President Barack Obama nominated Solicitor General Elena Kagan to the United States Supreme Court on Monday, declaring her “one of the nation’s foremost legal minds.”
If confirmed by the Senate, the 50-year-old native New Yorker would replace liberal retiring Justice John Paul Stevens, and become the third woman on the current high court (and only the fourth in U.S. history), and the first justice in nearly four decades with no judicial experience. Kagan, who was blocked from becoming a federal court judge by Senate Republicans in 1999, paid homage to the court during her nomination ceremony, while President Obama stood at her side.
“I have felt blessed to represent the United States before the Supreme Court, to walk into the highest court in this country, when it is deciding its most important cases, cases that have an important impact on so many people’s lives,” she said. “And to represent the United States there, is the most thrilling and the most humbling task a lawyer can perform.”
President Obama cited what he called Kagan’s “openness to a broad array of viewpoints” and her “fair-mindedness.” “Her passion for the law is anything but academic,” he said as he made his announcement in the ceremonial East Room of the White House. “She believes, as I do, that exposure to a wide array of perspectives is the foundation not just for a sound legal education but a successful life in the law.”
Kagan’s biggest asset in upcoming confirmation hearings may be her lack of an extensive public record, which would provide few openings for Republican lawmakers to attack, according to published reports. And President Obama hopes her personal skills are good enough to build consensus with the court’s conservative majority–and to win Senate confirmation.
However, Republicans have already been quick to criticize Kagan as an out-of-touch elitist, someone who has “spent her entire professional career in Harvard Square, Hyde Park and the D.C. Beltway,” as Senator John Cornyn, a Texas Republican, put it.
Politicos have also pegged Kagan as a moderate liberal, who will not put much counterweight on the judicial balance of power that leans rightward.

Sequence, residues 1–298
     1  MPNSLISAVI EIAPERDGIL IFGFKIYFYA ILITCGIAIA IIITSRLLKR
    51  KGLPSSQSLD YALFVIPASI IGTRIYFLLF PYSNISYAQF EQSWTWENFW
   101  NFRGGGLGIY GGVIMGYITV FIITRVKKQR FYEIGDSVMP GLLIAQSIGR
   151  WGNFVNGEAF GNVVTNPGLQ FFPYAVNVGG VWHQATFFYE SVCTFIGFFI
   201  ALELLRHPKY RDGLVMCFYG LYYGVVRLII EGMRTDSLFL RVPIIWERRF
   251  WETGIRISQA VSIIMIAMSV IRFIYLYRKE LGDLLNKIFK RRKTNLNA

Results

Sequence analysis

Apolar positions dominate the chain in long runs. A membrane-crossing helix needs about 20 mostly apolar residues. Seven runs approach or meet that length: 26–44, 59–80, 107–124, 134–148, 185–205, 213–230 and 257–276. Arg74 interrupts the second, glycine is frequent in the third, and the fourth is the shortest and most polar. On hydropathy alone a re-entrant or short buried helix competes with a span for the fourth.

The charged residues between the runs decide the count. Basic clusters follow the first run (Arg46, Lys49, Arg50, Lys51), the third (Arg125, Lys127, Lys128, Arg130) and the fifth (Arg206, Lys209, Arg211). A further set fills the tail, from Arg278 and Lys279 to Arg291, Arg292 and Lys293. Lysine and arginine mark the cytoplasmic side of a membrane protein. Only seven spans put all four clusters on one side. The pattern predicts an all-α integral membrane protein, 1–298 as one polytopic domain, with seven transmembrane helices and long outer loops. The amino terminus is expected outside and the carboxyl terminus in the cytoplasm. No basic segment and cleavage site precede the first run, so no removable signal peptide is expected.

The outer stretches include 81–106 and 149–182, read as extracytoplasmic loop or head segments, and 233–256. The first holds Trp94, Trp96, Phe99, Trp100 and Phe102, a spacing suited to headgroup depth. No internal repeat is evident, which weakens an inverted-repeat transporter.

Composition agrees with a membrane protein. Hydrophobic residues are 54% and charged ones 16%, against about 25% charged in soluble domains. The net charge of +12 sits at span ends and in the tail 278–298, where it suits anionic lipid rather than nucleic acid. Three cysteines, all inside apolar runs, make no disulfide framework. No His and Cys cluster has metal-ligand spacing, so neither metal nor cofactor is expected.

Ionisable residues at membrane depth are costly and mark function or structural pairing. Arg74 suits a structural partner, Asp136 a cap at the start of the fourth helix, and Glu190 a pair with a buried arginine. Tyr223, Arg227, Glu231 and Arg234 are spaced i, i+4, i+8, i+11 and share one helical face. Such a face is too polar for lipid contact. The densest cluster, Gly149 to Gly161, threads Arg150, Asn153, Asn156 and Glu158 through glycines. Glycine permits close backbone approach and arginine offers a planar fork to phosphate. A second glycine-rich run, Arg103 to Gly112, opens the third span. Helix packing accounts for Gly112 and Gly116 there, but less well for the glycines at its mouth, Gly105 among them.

In response to these attacks, both Kagan and the White House have made much of her time as a clerk for her self-described mentor, Thurgood Marshall. But in the 22 years since Kagan left Marshall’s chambers, she has not developed much of a record to suggest she will reverse the racial inequities that so embittered her mentor.
This reality has not gone unnoticed by civil rights groups, who have expressed their concern about Kagan’s questionable hiring record while she was dean at Harvard Law School.
In fact, some Black activists are disheartened that no African American woman has reached President Obama’s short list in two searches. The selection of Kagan served to irritate them further, as they described her tenure at Harvard as one lacking in racial inclusion.
“She has done a lot to make Harvard more accessible to people of color, although some have complained that those she brought in were primarily non-U.S. born people of color, rather than African Americans,” said Darryll Jones, associate Dean for Research and Faculty Development and Professor of Law at Florida A&M University School of Law. “I don’t want to say that she’s never shown an interest in diversity. But I’m not sure she’s sensitive enough to the issues of African-Americans,” he added.
As with many elite institutions, Harvard Law has been pressed over the years to diversify the ranks of its faculty. While Kagan led the school from 2003 to 2009, 29 faculty members were hired–28 were White, and one was Asian American.
The White House has rejected the notion of Kagan’s racial insensitivity, releasing a set of talking points on the subject to civil rights lawyers and reporters, according to Salon.com.
The list stresses that Kagan did not have the final say in hiring at Harvard, where such decisions are made by committee. The memo also argues that Kagan consciously made other appointments and promotions that improved diversity, including moving two minority professors to tenured positions. Three of the 12 clinical professors hired were minorities.
Harvard Law professor Charles Ogletree, who worked with Kagan while she was dean, went further, assuring the Washington Post that the raw hiring numbers at the law school offer a misrepresentation of her full commitment to diversity. “She reached quite broad and deep in trying to ensure that diverse candidates were in the pool,” he said. “There has never been a doubt in my mind about her commitment to diversity.”